|Publication number||US4267101 A|
|Application number||US 06/117,444|
|Publication date||May 12, 1981|
|Filing date||Feb 1, 1980|
|Priority date||Feb 1, 1980|
|Also published as||CA1143286A, CA1143286A1, DE3102487A1, DE3102487C2|
|Publication number||06117444, 117444, US 4267101 A, US 4267101A, US-A-4267101, US4267101 A, US4267101A|
|Original Assignee||Serono Laboratories Inc.|
|Export Citation||BiBTeX, EndNote, RefMan|
|Patent Citations (3), Non-Patent Citations (2), Referenced by (17), Classifications (22), Legal Events (2)|
|External Links: USPTO, USPTO Assignment, Espacenet|
Relaxin is a polypeptide hormone that facilitates relaxation of the pelvic ligament of mammals. Hisaw (Proc. Soc.Exp.Biol. 23,661,1926) first observed the existence of Relaxin in 1926. Despite the numerous years that have passed since its first discovery, little information about this hormone is available, especially in the humans.
In animals, Relaxin has been found in various tissues of mammals and non-mammals. So far, the only rich and abundant source of Relaxin is the ovary of the pregnant sow, from which Relaxin is obtained for commercial and experimental use.
In humans, very little is known about the origin, the physiological or pathological role, and the structure of Relaxin.
The pregnant ovary seems to be rich in Relaxin-like activity also in the woman. However, the possibility to obtain human Relaxin from this source is very poor due to the practical impossibility of having sufficient amounts of human pregrant ovaries available for the extraction procedure.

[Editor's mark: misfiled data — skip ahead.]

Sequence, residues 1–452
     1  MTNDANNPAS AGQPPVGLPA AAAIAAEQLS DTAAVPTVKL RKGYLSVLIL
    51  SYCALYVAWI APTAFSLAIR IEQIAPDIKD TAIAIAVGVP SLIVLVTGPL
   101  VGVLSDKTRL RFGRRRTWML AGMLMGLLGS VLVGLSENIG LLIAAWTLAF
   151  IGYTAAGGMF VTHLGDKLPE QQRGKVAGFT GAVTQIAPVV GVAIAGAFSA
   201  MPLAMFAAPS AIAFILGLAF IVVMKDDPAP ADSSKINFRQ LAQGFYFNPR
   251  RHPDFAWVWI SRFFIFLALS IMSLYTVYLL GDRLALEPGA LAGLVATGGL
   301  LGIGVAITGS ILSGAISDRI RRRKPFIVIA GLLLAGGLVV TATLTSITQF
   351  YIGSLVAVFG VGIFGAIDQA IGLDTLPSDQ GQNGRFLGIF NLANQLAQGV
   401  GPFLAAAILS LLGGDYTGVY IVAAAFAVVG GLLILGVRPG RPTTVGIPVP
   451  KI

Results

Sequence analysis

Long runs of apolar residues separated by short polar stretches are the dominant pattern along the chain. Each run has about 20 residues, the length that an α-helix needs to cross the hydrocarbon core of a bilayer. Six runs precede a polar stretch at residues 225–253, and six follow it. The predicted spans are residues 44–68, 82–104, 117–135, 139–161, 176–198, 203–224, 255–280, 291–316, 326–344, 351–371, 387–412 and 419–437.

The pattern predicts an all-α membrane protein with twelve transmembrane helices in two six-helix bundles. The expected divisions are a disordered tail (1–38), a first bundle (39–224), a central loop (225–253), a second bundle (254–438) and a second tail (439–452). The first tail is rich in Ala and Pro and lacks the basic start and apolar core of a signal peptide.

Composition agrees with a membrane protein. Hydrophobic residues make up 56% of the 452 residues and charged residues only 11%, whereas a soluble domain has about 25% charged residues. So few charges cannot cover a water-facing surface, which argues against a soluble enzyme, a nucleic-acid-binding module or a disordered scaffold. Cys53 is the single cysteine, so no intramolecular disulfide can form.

This invention is based on the discovery that a new, easily available source of human Relaxin is the complex of fetal membranes that are easily obtained at delivery together with placenta.
More specifically, it has been found that the decidual membrane is particularly rich in Relaxin.
The so-called "fetal membranes" are a complex of the three layers amnion, chorion and decidua.
Amnion is easily separated from the associated chorion-decidua membranes through delamination. On the contrary, chorion and decidua are difficult to be separated completely from each other.
The main object of this invention is a process for obtaining Relaxin which uses the fetal membranes as the source material. Preferably, the associated chorion-decidua membranes or, more preferably, the decidua itself is used as such source material.
Human Relaxin can be obtained directly from the above source(s) by extraction or, indirectly, from the incubation medium of in vitro cultures of the said tissue(s) or cells.
Bioassay of Relaxin containing preparations is generally based on the following methods:
(1) the inhibition of spontaneous uterus contraction both in vivo and in vitro; and
(2) the relaxation of the symphis pubis which can be determined by:
(a) palpation of the guinea pig symphis pubis;
(b) X-ray of mouse symphis pubis; or
(c) direct measurement of mouse symphis pubis.
The biological activity of the Relaxin containing preparations obtained in accordance with this invention has been measured following method 2c above and expressed in GPU (guinea pig units) in accordance with the porcine Relaxin preparation used as standard (NIH).
The preparations of the invention were also found to be active in the uterus contraction inhibition test (see 1 above).